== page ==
Because I was reviewing films for Screen Daily at Toronto, the films I saw were a diverse bunch, guided somewhat by my preferences, but also by the needs of an international trade magazine. Therefore, I caught one too many midnight movies (i.e. "Aftershock") and may have lost the opportunity to see some of the big-ticket premieres. Regretfully, I missed "Argo," which would have been a perfect movie to report on for ReelPolitik, and despite the best intentions of Ben Affleck, I am suspicious about its depictions of Iran's Islamic Revolution. But it'll have to wait until its release.
For the movies I did see, nothing blew me away. However, there were a bunch of very talented filmmakers making solid work that may not have transcended previous efforts, but was certainly worthwhile, cinematically rich, probing and engaging. I'm thinking of Noah Baumbach's "Frances Ha," Paul Thomas Anderson's "The Master," Derek Cianfrance's "The Place Behind the Pines" and Ramin Bahrani's "At Any Price." These are all movies that I'd wholeheartedly recommend--I reviewed "Frances Ha" and "Pines" highly favorably--but I don't think you could say they're better than "The Squid and the Whale," "There Will be Blood," "Blue Valentine" and "Goodbye Solo." Having said that, what is "better" or "worse"? And really, each of the films is so different from the director's previous works, and in some cases, a refreshing change of pace, that It seems unfair to put such a qualifer on the films.
As always, this year's documentary program was strong, with particularly powerful entries such as "The Act of Killing" and "Stories We Tell" (which I wrote about more extensively in my Docutopia column this week, "Reconstrucing Memory"). I also found Alex Gibney's "Mea Maxima Culpa: Silence in the House of God" his strongest documentary since "Taxi to the Dark Side." Gibney's films can come across as a little righteous, but I found the movie to strike just the right balance between expose and humanism.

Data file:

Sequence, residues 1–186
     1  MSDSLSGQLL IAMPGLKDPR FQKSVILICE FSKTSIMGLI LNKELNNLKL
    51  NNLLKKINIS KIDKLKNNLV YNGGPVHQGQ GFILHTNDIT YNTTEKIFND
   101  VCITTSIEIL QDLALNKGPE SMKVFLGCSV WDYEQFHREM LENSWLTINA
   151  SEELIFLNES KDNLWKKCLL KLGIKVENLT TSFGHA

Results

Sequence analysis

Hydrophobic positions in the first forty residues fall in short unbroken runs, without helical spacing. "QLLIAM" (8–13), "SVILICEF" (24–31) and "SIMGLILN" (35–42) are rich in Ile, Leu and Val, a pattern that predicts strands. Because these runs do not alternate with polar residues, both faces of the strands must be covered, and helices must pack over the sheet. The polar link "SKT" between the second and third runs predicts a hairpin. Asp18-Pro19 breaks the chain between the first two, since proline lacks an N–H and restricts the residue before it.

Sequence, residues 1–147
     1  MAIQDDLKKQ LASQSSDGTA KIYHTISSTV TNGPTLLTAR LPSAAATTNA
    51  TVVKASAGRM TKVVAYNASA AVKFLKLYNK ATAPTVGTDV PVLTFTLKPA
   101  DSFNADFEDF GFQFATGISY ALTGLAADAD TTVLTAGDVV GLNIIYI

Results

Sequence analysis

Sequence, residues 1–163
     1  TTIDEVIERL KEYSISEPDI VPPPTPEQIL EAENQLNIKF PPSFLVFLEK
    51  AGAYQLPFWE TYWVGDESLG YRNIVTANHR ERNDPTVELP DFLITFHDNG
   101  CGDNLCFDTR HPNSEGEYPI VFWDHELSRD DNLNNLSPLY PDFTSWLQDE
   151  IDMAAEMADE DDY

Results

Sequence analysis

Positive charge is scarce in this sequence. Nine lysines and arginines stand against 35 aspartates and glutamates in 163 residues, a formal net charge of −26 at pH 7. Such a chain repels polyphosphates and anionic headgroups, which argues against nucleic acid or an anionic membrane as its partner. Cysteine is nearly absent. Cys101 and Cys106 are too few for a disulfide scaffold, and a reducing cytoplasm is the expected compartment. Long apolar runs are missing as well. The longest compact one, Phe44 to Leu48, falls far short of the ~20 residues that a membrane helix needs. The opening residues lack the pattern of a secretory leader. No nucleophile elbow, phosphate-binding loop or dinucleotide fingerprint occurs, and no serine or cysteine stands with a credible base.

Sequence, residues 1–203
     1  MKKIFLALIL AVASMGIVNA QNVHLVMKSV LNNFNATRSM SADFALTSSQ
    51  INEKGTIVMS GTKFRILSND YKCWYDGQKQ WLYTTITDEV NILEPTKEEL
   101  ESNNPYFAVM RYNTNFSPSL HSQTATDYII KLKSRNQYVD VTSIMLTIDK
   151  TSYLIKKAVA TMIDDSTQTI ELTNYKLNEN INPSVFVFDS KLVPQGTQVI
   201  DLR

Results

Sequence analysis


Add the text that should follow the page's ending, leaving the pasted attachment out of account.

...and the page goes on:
Here's my Top 8 breakdown, in vague order of personal preference:
"Frances Ha" (Noah Baumbach) - review (I know there are some people who are going to be annoyed by this film, but I'm a sucker for "400 Blows" references and hey, I was a 20-something in New York, too, so I can't help but relate.)
"The Master" (Paul Thomas Anderson) - A lot has already been written. I won't say more, but it firmly establishes Paul Thomas Anderson as one of America's most assured masters of the cinematic language.
"At Any Price" (Ramin Bahrani) -- What's extraordinary about the film is that Bahrani made it at all. So different from his previous films in cultural and geographic millieu, it's a wild shift for the filmmaker. For me, there was just one off-note, a particular music cue--that felt inauthentic to me. But other than that, he's created a forceful reflection of failure and personal reckoning in the American heartland. And the way he handles the last scene is brilliant.
"Stories We Tell" (Sarah Polley") - see my Docutopia column for more.
"The Act of Killing" (Josh Oppenheimer, Christine Cynn, Anonymous) - review
"The Place Behind the Pines" (Derek Cianfrance) - review
"Mea Maxima Culpa: Silence in the House of God" (Alex Gibney) - review
"Beijing Flickers" (Zhang Yuan) - review
And I should say I had my most fun reviewing the film "Aftershock." After thinking hard about challenging movies, there's something refreshing about letting lose on a move that you find offensive.